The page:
Fireworks go up with a big bang when touched by a spark. They make a load noise and burn bright for a moment. While most people enjoy the show, most don’t like the noise. Yet every year we get excited for the holidays where we can watch shows from others or create our own. Fireworks can also be dangerous to the one lighting them, or to those around if things go wrong.
Every time I see a firework show I am reminded of several people I know, who can blow up quickly, make a lot of noise and put on a show with their anger. I’ve labeled them as fireworks because they are fun to watch on occasion, and yet they can do harm to those that get too close.
These people tend to react to situations instead of responding. They take offense quickly; they lash out instead of listening and they make a scene when things don’t go their way. It can be very effective in getting people to back off and leave them alone or in getting their way on something. Yet it is detrimental in the long run. Fireworks can’t be trusted to handle stressful situations well, so opportunities are missed. They can’t be trusted to accept constructive feedback, so advancement slows down. They can’t be trusted to give feedback to others appropriately, so it limits leadership opportunities.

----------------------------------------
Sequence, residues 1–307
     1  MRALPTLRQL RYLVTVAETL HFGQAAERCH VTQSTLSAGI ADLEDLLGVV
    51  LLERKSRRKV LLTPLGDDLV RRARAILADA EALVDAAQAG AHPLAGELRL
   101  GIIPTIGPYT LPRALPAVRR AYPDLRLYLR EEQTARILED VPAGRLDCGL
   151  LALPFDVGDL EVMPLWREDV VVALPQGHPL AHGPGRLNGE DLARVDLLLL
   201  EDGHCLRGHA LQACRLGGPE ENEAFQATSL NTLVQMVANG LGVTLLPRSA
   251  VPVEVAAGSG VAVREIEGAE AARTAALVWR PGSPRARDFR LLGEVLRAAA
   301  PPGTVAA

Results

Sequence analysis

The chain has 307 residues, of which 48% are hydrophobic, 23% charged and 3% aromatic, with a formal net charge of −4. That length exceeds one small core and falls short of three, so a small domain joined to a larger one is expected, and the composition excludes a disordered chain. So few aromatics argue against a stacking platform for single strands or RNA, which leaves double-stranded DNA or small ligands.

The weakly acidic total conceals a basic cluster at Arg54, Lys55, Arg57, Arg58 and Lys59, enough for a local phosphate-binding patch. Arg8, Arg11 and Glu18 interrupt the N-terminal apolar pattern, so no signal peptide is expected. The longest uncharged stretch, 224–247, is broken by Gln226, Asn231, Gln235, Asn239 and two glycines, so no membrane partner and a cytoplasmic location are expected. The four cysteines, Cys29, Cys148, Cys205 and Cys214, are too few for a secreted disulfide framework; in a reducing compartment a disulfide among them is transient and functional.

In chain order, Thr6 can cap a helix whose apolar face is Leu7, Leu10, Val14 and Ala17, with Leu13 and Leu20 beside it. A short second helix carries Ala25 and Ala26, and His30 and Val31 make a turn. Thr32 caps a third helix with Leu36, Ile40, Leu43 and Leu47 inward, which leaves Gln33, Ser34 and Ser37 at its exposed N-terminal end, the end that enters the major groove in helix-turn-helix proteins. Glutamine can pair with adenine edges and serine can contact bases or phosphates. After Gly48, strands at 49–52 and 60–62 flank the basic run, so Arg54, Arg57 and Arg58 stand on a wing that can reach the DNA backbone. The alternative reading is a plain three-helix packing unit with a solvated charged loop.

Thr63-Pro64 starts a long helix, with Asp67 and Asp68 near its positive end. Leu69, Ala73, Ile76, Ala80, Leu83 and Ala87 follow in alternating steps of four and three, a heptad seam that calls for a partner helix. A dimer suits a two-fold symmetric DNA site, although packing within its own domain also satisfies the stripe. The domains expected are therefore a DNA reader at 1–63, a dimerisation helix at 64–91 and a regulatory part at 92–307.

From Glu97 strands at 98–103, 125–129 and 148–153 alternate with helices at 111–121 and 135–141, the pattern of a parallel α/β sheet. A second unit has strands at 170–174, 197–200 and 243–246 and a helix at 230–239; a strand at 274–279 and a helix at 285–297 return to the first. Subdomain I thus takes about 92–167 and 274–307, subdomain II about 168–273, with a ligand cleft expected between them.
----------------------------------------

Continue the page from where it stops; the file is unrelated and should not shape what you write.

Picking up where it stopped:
5 Ways to avoid becoming a firework:
When you think about the people, or leaders, you admire most there is a good chance that they are great at responding instead of reacting to anything thrown at them. Being seen as grace under fire will help people trust you to do what’s needed which builds your credibility. When you take the time to respond professionally it is a sign of high emotional intelligence, EQ. The best leaders have high EQ and it is a great predictor of success. Additionally, people will want to hear what you have to say because you are responding not reacting. Save the fireworks for the holidays!